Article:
Okay, I imagine that as a small business you probably haven’t faced a hostile takeover of your business by a rival or a group of interested investors or even your fellow shareholders. Yes, your shareholders can organize a takeover of your shares and do so successfully. It can be a very painful experience, especially if it’s a business you founded and nurtured as a startup.
In corporate finance, there are certain techniques that accountants use to mount a defense in the event of a takeover. Some of them have funny terms but have been used successfully in the past.
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A poison pill is a tool used by company executives who do not support a takeover bid. The tactic is to offer shareholders who are not involved in the takeover bid incentives to buy shares at a low price after a takeover bid closes. The effect being that the shareholder who takes over will see his shareholding diluted in due time. For example, your company is suddenly targeted by an investor who has convinced some shareholders to sell their shares to him by giving him a 40% stake in the company.
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If, however, in the past, there was a shareholders’ agreement that gave existing shareholders (before the new investor joined the company) a discount on the future sale of shares in the company. The effect of this is that it can dilute the 40% held by the investor and will now have to spend more to get back to 40%. A proposition that most hate to face.
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It is a question of modifying the constitutive act and the statutes of an association (MEMAT) in such a way as to make redemptions very difficult to carry out. For example, you can record in your MEMAT that before a takeover of a company can be completed, the shares sold by the willing sellers must represent up to 80% of the outstanding shares of the company. So if you own 30% of a company you started and your partners suddenly want to sell their shares to an investor you don’t like, this method simply prevents them from doing so. But remember, this only works if you’re able to show it’s listed in the company’s MEMAT.
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Although not entirely beneficial to shareholders, the Golden Parachutes are a set of clauses that ensure that any takeover bid involving the loss of jobs will require buyers to pay compensation to employees of the organization who may have lost their jobs due to the takeover. This is especially useful for companies whose employees are pioneers. A golden parachute provides them with good protection in the event of a takeover, which quite naturally triggers a change in management and key personnel.
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As the name suggests, a White Knight is a friendlier acquirer that a target company can approach to fend off a hostile acquirer. For example, your business may not deliver on its promises of improved returns, causing your partners to seek the sale of the business. They are now offering a buyer you hate for some reason. As the founder, you are against the deal and so to show that you have a better deal, you search for companies you prefer in the hope that they offer a better price.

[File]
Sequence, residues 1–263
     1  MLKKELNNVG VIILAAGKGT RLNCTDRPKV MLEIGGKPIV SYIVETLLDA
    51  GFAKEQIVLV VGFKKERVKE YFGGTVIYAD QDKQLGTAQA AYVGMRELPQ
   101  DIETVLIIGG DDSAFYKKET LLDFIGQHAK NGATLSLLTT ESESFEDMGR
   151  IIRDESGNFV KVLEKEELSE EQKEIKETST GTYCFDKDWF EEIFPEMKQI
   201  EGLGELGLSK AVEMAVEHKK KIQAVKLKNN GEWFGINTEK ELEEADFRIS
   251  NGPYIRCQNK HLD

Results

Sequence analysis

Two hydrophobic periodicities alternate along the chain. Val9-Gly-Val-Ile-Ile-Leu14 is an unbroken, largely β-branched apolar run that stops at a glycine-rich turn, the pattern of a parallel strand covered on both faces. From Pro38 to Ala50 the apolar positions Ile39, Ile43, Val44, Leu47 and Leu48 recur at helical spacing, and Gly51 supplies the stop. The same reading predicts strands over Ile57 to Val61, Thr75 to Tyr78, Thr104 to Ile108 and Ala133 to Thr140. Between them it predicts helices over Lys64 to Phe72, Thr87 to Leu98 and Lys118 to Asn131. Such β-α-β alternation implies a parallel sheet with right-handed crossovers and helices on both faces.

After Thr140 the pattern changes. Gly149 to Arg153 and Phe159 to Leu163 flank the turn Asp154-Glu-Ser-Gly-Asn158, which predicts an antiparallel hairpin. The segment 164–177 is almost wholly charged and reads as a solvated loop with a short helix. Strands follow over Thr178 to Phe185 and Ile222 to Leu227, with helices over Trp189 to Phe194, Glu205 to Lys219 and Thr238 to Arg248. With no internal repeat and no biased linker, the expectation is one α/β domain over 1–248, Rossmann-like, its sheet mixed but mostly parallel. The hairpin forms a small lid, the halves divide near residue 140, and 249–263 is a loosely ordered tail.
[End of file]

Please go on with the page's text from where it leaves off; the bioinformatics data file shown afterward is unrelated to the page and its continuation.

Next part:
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A Greenmail is an anti-takeover tactic used to block the purchase of your business from a hostile acquirer. For example, an investor went behind your back by acquiring shares of your partners, say for N2 per share. After finding out and with little or no option, you decide to approach the hostile acquirer asking him to buy back those shares at a premium. This is called a Greenmail. For this tactic to work, you need to be ready to play ball. Additionally, Greenmail can also be dangerous as it can cause other people to attack you, making you vulnerable to continue playing defense.
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As the name suggests, this is a counterattack tactic that involves a target company buying back the shares of its hostile acquirer. For example, an investor or a competitor gradually buys your shares in order to put together a bid to buy your business. As soon as you realize this, you decide to attack the acquirer by also buying shares in his company. This way, every attempt he makes on your business is neutralized by the attempts you make on him as well.
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Assuming you hold the patent for a program that your customers like to use. You’ve made so much money from it now that your partners think it’s time to move on and decide to sell their shares to a new investor at a premium. To deter them, simply sell the program since that is why your business is a target. Your shareholders may not like it, but if that’s the only option you have, then that’s it. You also need to be sure that you can redeem this program or have what it takes to create another cash-generating program.
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Sandbag is a system by which the management of a company deliberately delays the process of selling the company in the hope of finding a better deal. This of course works when you, as the primary stakeholder, are willing to commit to a better buyer.
People Pill is essentially a threat from management to jointly resign if the shareholders of the company agree to a takeover. This will work for you if your partners have no technical input into your business and just rely on you to generate revenue. The risk for them is that you are the main asset and once you quit, the company will go bankrupt.
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This article was first published on Nairametrics in August 2019.